The European Green Belt: Nature conservation connects neighbours

++ The fall of the Berlin Wall marks the birth of the European Green Belt ++ Nature conservation along the former Iron Curtain as a Central European peace project ++

Along more than 12,500 kilometres – from the Barents Sea at the Russian-Norwegian border, along the Baltic Coast, through Central Europe and the Balkans to the Black and the Adriatic Sea – the border zone granted nature a pause and has created a zone of life. © European Green Belt Initiative/Coordination Group
EuroNatur is the regional coordinator of the southernmost section of the Balkan Green Belt. There is a landscape mosaic of untouched forests, enchanted moors and unspoilt mountain landscapes. © Green Balkans

Radolfzell. In celebrating the 30th anniversary of the fall of the Berlin Wall, nature deserves attention, too: The end of the Iron Curtain is at the same time the beginning of one of the continent’s most ambitious nature conservation projects – the European Green Belt. Where barbed wire and spring guns separated neighbouring European countries for decades, conservationists are now cooperating across borders to preserve Europe’s natural heritage.

“In the current crisis of the European Union, in which greed and nationalism overshadow the positive aspects of cooperation, the European Green Belt is a project that exemplifies how integrative European collaboration works,” says Gabriel Schwaderer, Executive Director of EuroNatur. “The European Green Belt is a symbol for the European peace process and one of the continent’s most important biodiversity initiatives.”

This nature conservation initiative aims to preserve the habitats along the former Iron Curtain as a line of life, thereby significantly contributing to the conservation of the continent’s green infrastructure. The former border area between East and West was largely spared intensive human use. Here, forests and swamps, species-rich cultural landscapes as well as pristine mountain and river landscapes form a string of jewels, which are hardly to be found anywhere else in Europe. The European Green Belt provides valuable habitats for a wide range of endangered animal and plant species.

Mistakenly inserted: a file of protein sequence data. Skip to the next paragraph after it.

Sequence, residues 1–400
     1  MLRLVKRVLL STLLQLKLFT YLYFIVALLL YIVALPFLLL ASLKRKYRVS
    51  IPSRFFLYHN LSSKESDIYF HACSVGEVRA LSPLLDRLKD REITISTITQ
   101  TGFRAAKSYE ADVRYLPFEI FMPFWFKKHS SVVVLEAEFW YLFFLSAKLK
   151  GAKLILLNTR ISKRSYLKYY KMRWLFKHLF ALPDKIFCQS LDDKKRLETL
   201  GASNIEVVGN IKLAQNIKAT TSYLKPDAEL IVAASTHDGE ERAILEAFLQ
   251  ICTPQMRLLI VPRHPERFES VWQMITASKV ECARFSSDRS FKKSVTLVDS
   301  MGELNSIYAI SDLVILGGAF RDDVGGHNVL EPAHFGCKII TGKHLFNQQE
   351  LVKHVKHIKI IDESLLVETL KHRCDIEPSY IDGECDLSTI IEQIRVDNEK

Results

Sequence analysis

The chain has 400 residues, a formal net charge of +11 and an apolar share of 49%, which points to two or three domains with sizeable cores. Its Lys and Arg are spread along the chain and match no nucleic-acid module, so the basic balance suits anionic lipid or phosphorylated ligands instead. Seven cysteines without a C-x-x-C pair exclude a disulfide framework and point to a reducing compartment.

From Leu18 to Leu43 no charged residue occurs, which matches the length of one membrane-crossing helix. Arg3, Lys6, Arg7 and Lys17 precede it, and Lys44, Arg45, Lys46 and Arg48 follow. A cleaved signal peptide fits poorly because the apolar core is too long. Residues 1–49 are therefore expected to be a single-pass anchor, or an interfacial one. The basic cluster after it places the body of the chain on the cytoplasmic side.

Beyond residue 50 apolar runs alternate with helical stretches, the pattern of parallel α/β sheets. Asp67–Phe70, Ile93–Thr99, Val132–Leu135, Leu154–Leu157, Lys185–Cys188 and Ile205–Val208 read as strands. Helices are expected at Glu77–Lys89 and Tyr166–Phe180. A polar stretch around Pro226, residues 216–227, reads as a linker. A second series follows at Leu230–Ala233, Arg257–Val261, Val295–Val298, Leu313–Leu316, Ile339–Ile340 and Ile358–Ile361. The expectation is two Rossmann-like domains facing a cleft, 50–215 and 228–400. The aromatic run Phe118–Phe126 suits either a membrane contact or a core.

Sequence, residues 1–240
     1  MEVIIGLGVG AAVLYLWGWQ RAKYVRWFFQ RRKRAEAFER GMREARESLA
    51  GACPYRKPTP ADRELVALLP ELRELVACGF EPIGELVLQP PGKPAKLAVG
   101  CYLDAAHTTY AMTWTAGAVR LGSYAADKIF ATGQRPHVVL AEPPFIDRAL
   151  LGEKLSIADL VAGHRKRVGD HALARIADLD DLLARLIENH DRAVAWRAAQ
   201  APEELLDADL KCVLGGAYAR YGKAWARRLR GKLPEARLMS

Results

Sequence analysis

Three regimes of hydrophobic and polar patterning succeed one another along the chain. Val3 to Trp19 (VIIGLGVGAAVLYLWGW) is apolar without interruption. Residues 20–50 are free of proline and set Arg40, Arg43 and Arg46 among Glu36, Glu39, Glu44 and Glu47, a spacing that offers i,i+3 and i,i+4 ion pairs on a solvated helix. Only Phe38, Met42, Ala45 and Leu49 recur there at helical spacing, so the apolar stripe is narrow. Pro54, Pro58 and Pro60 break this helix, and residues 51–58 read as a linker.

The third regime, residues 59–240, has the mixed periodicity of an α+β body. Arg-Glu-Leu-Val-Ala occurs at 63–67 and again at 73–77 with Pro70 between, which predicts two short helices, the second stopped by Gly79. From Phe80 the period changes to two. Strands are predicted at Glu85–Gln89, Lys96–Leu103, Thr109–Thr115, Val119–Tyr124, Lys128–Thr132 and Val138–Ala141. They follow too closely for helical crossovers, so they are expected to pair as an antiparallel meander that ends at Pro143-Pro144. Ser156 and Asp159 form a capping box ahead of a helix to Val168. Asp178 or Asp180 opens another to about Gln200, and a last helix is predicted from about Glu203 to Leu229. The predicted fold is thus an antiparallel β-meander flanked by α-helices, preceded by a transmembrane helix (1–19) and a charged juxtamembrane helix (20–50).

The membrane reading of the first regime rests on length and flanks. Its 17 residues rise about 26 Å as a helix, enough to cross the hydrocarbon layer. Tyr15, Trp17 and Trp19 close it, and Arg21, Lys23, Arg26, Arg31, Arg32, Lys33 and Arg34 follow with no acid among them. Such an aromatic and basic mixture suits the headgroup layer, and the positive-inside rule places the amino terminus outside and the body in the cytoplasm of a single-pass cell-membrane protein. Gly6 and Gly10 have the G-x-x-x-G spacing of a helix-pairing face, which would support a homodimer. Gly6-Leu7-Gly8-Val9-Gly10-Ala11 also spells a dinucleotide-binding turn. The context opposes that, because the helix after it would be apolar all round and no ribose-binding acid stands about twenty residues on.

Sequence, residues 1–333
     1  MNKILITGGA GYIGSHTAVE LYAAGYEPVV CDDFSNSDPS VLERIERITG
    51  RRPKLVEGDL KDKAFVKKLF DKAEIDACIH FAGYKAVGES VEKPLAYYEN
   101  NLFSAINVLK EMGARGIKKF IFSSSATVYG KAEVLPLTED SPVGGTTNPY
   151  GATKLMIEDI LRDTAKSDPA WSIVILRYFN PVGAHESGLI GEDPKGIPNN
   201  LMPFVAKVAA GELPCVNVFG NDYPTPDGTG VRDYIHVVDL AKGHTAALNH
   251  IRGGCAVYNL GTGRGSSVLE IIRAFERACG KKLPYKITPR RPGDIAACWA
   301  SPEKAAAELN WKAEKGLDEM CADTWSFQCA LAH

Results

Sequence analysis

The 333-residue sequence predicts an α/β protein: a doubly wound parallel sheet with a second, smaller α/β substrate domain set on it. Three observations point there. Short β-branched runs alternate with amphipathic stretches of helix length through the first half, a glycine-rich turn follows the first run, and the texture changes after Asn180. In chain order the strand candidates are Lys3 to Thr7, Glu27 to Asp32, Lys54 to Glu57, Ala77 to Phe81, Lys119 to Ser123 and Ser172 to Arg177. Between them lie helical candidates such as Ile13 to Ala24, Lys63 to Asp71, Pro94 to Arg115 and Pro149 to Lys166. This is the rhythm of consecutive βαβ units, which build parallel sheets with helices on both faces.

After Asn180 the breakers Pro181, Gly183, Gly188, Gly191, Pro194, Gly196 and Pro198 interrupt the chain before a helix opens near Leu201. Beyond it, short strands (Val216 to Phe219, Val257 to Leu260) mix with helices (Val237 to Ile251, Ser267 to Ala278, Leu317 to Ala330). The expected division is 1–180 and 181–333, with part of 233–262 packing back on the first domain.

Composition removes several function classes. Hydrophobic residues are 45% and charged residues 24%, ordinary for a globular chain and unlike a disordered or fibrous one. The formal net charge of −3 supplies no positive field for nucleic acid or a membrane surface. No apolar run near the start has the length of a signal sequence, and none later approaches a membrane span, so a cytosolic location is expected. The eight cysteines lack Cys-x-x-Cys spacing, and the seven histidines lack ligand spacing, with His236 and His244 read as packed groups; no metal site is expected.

Background information:
The “European Green Belt”
stretches over 12,500 kilometres from the Barents Sea to the Black and Adriatic Seas along the former border between East and West as a corridor of habitats with extraordinary biodiversity. The European Green Belt is an international initiative launched in 2003 by EuroNatur together with the German Federal Agency for Nature Conservation, BUND (Friends of the Earth Germany) and the International Union for Conservation of Nature (IUCN). The Green Belt links eight biogeographical regions and 24 states. Here you can find more information: https://www.europeangreenbelt.org

Press contact:
Christian Stielow, Mail: christian.stielow(at)euronatur.org, Tel: +49 (0)7732 92 72 15

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